With six more weeks of winter still to go, Heartland counties are nervously watching their budgets and supplies grow smaller and smaller.
Like many southern Illinois counties, the Pulaski County highway department is doing its best to stay out of the red while still keeping roads clear.
The Pulaski County highway department says they're down to their last few piles of salt, just enough to fill four truck beds.
And with more winter weather in the forecast, they are struggling to keep up.
Snow, ice and county roads make for a bumpy ride sitting shotgun in a snow plow.
"This road we worked on it last night until about midnight," said operator Bill Britton.
But while the piles of snow get higher and higher in Pulaski County, the salt piles are disappearing.
"That would be enough to do four trucks, one scoop each," Britton said.
Less than 50 tons of salt is how much crews have left to use in order to maintain nearly 400 miles of roads.
"We won't be able to clear the roads like we have been normally, and that's what you run into," said Britton.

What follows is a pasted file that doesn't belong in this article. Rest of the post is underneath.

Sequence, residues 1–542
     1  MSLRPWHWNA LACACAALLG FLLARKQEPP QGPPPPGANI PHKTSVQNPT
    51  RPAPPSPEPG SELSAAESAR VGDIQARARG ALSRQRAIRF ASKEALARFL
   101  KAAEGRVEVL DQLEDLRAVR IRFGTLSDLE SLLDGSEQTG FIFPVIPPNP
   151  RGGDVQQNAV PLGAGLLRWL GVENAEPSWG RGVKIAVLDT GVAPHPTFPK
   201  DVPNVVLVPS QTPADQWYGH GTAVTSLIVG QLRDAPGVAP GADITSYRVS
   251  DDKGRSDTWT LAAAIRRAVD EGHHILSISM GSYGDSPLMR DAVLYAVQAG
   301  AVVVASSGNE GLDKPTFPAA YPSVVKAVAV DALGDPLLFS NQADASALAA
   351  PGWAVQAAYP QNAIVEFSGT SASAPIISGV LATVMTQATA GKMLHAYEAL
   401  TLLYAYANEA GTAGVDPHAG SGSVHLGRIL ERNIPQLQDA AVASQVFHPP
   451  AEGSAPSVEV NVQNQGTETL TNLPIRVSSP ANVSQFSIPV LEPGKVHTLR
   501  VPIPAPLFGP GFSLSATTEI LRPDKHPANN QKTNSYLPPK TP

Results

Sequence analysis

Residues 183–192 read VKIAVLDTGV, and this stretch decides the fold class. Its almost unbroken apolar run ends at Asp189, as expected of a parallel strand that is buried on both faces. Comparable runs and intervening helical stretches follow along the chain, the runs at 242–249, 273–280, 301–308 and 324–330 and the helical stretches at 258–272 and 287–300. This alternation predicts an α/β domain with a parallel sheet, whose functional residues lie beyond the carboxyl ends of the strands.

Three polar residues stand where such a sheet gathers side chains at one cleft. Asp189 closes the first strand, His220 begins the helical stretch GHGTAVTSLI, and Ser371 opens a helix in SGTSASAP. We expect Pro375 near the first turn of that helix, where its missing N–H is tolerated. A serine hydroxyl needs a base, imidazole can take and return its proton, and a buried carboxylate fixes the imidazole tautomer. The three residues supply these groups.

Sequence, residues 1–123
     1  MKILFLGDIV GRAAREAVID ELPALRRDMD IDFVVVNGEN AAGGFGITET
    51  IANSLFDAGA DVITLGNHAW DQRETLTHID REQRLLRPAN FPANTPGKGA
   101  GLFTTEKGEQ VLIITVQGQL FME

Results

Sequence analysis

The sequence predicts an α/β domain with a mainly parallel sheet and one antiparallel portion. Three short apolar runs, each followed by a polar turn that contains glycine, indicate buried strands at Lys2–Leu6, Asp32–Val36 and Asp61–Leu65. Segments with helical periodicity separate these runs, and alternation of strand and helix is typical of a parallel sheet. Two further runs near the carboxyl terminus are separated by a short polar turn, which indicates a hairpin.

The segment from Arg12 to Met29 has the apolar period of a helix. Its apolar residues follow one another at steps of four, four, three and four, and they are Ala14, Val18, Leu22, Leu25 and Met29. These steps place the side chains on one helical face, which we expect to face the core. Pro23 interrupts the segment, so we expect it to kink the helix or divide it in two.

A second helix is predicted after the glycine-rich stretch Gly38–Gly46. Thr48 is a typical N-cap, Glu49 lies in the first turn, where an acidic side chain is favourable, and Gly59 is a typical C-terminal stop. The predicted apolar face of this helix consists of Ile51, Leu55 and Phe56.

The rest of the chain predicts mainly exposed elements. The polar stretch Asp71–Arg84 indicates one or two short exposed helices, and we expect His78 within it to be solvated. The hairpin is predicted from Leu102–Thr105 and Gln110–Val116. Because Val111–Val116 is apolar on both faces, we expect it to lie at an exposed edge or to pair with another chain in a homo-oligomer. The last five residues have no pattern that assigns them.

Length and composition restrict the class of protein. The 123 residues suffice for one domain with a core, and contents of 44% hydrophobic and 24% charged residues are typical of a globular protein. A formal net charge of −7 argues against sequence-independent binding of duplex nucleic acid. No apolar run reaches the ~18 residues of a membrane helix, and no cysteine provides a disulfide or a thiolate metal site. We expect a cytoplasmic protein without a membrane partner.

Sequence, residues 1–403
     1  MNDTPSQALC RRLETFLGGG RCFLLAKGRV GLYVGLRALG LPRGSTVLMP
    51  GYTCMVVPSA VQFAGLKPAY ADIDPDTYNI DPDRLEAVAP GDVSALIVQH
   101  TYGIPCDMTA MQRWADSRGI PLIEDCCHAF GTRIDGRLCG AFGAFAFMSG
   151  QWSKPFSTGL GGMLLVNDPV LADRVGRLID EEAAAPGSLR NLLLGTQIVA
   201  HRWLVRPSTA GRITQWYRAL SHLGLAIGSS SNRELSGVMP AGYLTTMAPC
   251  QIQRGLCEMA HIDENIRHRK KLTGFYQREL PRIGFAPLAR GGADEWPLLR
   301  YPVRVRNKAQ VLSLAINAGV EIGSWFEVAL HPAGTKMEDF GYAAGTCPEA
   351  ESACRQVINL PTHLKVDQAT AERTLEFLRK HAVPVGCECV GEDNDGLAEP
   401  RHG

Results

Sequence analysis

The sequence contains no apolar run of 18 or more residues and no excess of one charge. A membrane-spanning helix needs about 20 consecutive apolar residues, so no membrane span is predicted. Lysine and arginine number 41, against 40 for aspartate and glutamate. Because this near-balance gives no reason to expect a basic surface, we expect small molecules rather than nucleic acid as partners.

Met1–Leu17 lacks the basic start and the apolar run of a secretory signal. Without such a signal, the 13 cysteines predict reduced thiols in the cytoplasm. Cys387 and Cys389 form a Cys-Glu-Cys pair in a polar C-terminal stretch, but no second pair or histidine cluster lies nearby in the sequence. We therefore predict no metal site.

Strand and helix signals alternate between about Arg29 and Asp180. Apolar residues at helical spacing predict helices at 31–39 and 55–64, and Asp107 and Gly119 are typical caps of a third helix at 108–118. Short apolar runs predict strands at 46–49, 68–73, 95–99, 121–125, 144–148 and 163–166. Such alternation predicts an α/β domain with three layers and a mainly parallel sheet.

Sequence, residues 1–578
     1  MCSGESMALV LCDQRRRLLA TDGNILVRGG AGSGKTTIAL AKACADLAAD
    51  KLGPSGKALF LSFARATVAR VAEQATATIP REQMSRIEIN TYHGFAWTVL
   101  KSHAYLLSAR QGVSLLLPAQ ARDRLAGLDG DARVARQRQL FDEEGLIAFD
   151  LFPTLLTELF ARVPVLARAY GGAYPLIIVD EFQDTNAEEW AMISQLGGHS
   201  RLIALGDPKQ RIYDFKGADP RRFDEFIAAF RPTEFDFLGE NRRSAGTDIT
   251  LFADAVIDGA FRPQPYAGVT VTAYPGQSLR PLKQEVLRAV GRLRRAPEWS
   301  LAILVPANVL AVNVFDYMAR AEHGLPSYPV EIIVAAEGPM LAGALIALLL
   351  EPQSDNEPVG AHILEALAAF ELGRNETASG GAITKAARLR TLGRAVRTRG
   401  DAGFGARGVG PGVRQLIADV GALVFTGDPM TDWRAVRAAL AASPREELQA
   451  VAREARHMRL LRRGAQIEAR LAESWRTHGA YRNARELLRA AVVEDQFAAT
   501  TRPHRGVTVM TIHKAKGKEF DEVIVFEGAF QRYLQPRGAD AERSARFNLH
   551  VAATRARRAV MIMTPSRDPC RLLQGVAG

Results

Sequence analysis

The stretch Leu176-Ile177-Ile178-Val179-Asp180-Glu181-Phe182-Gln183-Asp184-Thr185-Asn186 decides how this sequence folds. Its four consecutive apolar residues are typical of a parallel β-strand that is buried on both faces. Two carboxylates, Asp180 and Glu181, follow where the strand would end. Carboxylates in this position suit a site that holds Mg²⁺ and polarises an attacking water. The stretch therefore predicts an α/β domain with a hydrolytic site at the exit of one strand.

But the county has faced this problem before.
When there's no more salt, crews lay down cinders, which create better traction for drivers, but doesn't help melt the snow and ice.
This translates to more hours in the truck.
"The longer we have to stay out there, the longer the trucks have to run, the more diesel fuel you have to use, the more man hours you have to be out there, so it's just a vicious cycle all the way around," Britton said.
The county has already had $50,000 cut from their budget for 2014.
Problems most Illinois counties are facing.
"I get a little nervous when I run out of salt and cinders, plus that makes the truck lighter and it doesn't get as good of traction; as long as you keep the trucks loaded you get good traction that way," Britton said.